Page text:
In a family where both sides have uber-talented singers, I have a terrible voice. I can play basic piano and read music but for decades was only an appreciative listener. As I get older I’m becoming fascinated by music again, especially solo piano. Currently I’m taking a course in coursera.org on Beethoven’s piano sonatas. It’s fascinating to listen to a REAL pianist (Jonathan Biss) speak about tackling some of the world’s most difficult music and compare it with other master classes (Barenboim on YouTube and Schiff on the Wigmore Hall site) on the same topic. In fact one of the fun things about the Barenboim master class is to watch Biss being taught.
@Amir Khalid: Fire and Rain, please.
Oh yeah, singing. I was in a boys’ choir for a while. As it turns out, I was a rather musical youth.
Was the person who told you that you have a nice singing voice inside the bathroom with you? Seems like you are leaving out the best bits of this story.
So today so far is house chores dance party and the realization that every child must learn for themselves that if a toy gets stuck on the roof and you throw more toys at stuck toy on the roof–the outcome is always lots of toys stuck on the roof!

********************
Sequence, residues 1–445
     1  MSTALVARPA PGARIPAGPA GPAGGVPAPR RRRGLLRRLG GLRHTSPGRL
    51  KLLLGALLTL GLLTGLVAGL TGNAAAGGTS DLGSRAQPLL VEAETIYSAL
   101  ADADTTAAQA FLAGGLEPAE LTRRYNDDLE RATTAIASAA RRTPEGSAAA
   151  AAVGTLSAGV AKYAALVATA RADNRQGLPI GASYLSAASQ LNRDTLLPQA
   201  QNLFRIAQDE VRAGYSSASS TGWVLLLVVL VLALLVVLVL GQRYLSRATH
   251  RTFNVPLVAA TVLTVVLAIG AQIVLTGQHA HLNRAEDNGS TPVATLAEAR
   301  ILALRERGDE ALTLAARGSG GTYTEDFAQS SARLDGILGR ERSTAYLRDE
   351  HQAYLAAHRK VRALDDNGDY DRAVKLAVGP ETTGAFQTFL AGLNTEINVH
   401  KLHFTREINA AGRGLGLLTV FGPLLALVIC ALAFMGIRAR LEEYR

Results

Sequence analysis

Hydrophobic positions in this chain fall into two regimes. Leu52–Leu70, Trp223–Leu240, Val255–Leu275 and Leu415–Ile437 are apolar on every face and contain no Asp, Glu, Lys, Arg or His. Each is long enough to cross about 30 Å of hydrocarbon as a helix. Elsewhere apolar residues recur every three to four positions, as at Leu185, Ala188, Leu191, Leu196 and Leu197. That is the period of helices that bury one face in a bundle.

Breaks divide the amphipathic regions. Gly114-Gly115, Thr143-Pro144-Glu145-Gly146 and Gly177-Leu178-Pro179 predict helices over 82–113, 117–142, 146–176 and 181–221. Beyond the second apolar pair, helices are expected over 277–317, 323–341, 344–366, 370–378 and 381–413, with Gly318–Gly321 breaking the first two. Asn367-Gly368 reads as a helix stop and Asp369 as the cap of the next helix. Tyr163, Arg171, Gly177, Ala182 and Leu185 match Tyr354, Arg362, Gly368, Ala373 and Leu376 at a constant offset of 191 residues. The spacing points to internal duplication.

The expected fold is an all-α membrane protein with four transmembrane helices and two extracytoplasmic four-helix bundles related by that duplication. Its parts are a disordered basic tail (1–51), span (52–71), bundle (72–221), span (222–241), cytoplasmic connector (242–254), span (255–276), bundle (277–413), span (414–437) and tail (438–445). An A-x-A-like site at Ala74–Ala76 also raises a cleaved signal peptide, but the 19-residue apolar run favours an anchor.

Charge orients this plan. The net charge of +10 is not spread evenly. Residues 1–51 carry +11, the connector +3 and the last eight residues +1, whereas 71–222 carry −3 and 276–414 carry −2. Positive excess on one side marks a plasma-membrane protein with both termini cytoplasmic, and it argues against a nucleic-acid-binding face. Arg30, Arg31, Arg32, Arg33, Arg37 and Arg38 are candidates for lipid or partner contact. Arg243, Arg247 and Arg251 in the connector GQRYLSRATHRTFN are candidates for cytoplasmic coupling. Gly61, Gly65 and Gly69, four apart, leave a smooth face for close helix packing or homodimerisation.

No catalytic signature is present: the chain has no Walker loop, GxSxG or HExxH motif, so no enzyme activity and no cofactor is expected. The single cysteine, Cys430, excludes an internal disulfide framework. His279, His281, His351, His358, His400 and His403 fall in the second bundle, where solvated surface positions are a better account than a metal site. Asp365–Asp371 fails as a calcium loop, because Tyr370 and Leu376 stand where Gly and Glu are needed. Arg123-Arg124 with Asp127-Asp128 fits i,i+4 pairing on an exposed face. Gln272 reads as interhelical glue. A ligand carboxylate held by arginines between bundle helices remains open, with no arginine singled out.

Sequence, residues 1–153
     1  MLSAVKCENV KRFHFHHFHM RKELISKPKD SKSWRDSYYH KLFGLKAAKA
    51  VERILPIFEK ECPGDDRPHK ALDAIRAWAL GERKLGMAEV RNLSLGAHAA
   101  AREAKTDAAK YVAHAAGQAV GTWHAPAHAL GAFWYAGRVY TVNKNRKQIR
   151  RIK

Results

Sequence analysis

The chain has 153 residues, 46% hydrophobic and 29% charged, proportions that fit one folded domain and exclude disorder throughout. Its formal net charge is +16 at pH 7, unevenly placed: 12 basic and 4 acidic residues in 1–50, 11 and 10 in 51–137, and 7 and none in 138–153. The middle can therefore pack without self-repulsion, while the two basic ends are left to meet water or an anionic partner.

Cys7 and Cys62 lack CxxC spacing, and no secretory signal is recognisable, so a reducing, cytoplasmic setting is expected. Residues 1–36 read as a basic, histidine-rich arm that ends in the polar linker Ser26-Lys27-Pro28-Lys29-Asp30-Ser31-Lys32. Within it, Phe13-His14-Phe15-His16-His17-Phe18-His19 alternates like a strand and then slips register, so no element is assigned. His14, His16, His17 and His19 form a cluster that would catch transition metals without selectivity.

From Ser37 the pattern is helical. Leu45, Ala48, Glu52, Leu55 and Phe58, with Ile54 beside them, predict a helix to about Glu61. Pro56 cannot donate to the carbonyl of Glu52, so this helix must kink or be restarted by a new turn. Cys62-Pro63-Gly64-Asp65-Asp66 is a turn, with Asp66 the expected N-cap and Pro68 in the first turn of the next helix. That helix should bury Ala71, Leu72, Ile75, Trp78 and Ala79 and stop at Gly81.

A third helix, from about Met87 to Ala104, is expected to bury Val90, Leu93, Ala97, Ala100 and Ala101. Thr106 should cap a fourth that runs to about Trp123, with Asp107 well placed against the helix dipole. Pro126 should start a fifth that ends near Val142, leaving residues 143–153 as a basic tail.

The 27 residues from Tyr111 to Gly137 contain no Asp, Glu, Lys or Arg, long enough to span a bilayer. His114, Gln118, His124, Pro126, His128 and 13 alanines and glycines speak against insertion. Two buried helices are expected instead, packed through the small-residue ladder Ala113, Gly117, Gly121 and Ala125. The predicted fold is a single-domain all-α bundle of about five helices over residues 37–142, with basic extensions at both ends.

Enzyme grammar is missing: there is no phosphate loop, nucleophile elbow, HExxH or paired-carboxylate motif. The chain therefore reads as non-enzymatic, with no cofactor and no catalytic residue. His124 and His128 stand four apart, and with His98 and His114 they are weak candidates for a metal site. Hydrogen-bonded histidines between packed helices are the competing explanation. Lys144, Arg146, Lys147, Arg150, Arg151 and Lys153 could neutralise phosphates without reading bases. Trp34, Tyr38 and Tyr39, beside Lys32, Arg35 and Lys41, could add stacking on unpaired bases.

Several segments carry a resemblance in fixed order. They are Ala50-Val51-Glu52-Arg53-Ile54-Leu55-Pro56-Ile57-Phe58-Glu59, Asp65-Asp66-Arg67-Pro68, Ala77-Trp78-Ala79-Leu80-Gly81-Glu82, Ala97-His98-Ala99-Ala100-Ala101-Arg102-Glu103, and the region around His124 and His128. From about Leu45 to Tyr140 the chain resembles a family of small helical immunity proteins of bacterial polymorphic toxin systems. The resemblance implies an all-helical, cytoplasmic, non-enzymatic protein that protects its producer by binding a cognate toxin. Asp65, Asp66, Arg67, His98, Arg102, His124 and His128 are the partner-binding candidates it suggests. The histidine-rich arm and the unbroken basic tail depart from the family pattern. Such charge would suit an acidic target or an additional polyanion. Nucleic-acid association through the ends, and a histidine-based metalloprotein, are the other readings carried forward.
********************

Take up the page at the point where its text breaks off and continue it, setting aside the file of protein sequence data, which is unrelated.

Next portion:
Just got done listening to ‘Wait, Wait, Don’t Tell Me”. One of the questions asked was ‘How does this school teacher keep his students in line?’
Answer: He threatens them with Game Of Thrones spoilers. He’s read all the books and “Don’t shape up and pay attention, I’ll tell you who dies next and how.”
No musical talent but love it anyway and try the piano and enjoy the dumbed down scores of my favorite pieces of music.
Lots of amateur classical musicians in our family tree on both my parents sides, surprisingly few professionals. I’ve done the occasional paid gig (i.e background music or wedding) and occasional concert in a friendly venue as a way of keeping my chops up. But my day job has always been in science and engineering